Dora (Isabela Moner) has been brought up in the Amazonian jungle by her professor parents, Elena (Eva Longoria) and Cole (Michael Pena), who have home-schooled her. Elena and Cole’s ambition is to discover the famed lost city of Parapata, known for its mythical treasure trove of gold. Along the way, they’ve taught Dora a love of exploring and a love for the jungle.
When Dora is 16, Elena and Cole send Dora to live with her cousin Diego (Jeff Wahlberg) and her aunt, uncle and grandmother in the city, where she can attend high school. Dora is afraid of leaving the world she knows, but her mother tells her to just be herself and she’ll be fine. At high school Dora takes her mother’s advice and treats everyone as if they’re her best friend. As a result, she’s seen as socially inept, much to Diego’s embarrassment.
One day when Dora is on a school excursion, treasure hunters kidnap Dora to use her to find her parents and, of course, Parapata. Dora is with Diego and two friends, Sabrina (Pia Miller) and Randy (Nicholas Coombe). The treasure hunters take the children to the jungle where they meet Alejandro (Eugenio Erbez), who tells them he’s a friend of Dora’s parents and will help them escape. Things go from bad to worse as Dora and her friends escape from the bandits and try to reach her parents. They run into all sorts of danger and must solve many puzzles, using all of their powers of deduction. This continues even when they finally find Elena and Cole and the fabled Parapata.
Adventure and exploring
Dora and the Lost City of Gold has some violence. For example:
- Dora chases after Swiper (an animated fox) who steals her map. Dora sends Swiper flying.
- The four friends are walking in the jungle and someone shoots at them with arrows. They hide in a hollow log, which starts to roll down the hill.
- The explorers find an old woman in a cave. When they tell her they’re trying to find Parapata, she makes fire explode. She then places five figurines on the table and smashes them with a rock.
- Dora, her friends and her parents are all seen with their hands tied behind their backs. They’re marched along at gunpoint.
- Dora knocks a man out with a yoyo.
Dora and the Lost City of Gold has some sexual references. For example:
- Dora says that ‘a life-threatening experience can accelerate the mating process’.
- Diego says to Sabrina that they’ll have to start a family.
- The two scorpions start to mate.
- Diego and Sabrina hug and kiss.
Alcohol, drugs and other substances
Dora and the Lost City of Gold shows some use of substances. For example:
- The treasure hunters use a sleeping gas to knock out Dora and her friends.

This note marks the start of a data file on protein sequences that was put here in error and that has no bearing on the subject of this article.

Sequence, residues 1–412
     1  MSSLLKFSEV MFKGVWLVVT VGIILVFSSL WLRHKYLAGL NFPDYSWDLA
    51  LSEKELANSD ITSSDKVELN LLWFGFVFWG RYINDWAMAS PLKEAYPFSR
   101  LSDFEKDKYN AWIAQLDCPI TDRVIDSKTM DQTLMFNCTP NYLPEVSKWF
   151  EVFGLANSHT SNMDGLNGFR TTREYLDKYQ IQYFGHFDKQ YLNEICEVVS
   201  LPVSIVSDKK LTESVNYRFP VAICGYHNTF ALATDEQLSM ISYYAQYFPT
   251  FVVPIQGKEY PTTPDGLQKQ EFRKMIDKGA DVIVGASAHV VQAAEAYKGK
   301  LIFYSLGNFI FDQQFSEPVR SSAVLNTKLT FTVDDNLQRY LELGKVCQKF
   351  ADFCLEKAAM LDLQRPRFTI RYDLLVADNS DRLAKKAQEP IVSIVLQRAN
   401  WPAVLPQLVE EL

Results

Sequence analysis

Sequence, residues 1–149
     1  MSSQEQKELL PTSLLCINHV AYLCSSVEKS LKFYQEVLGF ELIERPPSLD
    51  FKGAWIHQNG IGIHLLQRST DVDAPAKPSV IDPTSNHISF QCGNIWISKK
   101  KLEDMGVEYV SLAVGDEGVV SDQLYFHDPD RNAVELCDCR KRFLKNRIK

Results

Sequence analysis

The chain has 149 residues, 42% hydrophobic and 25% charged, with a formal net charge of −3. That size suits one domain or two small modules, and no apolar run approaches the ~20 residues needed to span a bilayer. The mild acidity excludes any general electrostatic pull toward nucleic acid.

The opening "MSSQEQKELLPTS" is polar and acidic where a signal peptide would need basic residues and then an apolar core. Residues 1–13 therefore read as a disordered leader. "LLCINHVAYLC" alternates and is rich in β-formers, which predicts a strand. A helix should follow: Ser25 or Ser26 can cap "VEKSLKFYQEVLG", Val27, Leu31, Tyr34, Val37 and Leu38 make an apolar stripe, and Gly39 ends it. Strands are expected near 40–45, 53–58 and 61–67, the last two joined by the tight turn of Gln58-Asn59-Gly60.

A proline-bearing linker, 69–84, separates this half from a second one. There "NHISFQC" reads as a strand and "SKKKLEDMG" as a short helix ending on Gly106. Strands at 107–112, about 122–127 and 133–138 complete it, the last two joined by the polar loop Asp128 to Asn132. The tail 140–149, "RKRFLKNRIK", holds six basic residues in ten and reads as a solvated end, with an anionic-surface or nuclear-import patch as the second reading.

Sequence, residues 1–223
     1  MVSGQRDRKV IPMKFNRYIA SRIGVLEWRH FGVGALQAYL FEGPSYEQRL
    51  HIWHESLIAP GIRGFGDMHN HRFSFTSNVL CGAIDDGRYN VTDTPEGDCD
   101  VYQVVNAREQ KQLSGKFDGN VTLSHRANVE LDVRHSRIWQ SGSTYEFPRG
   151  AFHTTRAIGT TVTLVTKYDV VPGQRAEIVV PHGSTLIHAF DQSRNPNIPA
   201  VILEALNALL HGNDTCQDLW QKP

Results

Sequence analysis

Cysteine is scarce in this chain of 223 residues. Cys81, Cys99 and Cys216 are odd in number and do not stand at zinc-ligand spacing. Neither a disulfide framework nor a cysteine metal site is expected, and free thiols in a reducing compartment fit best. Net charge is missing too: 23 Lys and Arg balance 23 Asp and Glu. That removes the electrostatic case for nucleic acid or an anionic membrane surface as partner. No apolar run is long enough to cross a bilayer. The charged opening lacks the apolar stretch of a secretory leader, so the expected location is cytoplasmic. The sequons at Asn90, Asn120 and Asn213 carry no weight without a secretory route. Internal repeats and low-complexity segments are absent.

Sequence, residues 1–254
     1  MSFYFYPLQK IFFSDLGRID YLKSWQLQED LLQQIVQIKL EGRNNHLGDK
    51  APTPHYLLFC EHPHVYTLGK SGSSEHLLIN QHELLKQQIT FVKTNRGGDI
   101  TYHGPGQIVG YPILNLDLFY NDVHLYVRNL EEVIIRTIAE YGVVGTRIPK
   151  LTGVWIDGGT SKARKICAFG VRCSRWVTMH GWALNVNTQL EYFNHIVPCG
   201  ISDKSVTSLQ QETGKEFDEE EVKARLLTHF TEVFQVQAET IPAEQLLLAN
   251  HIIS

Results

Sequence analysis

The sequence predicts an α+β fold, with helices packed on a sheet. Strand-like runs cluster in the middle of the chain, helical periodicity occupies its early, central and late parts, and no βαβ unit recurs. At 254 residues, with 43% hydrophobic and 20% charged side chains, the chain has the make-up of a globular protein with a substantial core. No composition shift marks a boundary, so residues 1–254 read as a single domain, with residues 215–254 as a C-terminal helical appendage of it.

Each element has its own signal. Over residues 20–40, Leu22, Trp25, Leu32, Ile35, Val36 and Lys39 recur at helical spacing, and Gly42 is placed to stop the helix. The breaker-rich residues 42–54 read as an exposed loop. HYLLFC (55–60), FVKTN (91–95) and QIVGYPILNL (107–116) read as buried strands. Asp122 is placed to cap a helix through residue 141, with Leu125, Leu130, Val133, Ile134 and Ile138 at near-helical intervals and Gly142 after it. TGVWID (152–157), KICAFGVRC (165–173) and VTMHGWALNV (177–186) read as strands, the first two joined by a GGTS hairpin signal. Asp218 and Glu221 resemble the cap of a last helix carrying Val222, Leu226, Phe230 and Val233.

- The flowers produce a substance that causes strange dreams and behaviour.
Nudity and sexual activity
Dora and the Lost City of Gold has some nudity and sexual activity. For example, Alejandro wakes up from being a cartoon character and is back to normal. He’s still naked but covered by a blanket.
The following products are displayed or used in Dora and the Lost City of Gold: a Big Mac.
Dora and the Lost City of Gold has some mild coarse language including ‘oh my God’, ‘shut up’ and ‘freaking’.
There’s also some name-calling including ‘Dorka’, ‘pain in the butt’ and ‘socially inept nerd’.
Ideas to discuss with your children
Dora and the Lost City of Gold is an adventure movie about the way that Dora and her friends use all of their powers of deduction to save themselves and Dora’s parents. Having grown up in the jungle, Dora is a little naïve. She’s also oblivious to nasty comments from her school peers. She relies on knowledge and skill to solve problems.
Although Dora and the Lost City of Gold does contain some violence and scary scenes, these are mostly brief and any sense of threat passes quickly. Therefore the movie isn’t recommended for children under five years, and we also recommend parental guidance for children aged 5-8 years. This is likely to be a great movie for pre-teens.
The main messages from this movie are to be yourself and not let other peoples’ opinions get you down.
Values in this movie that you could reinforce with your children include teamwork, courage, self-esteem, determination, inclusivity, kindness, curiosity and perseverance.
Dora and the Lost City of Gold could also give you the chance to talk with your children about real-life questions For example, why are some people so greedy for gold and money that they're prepared to do anything to get it?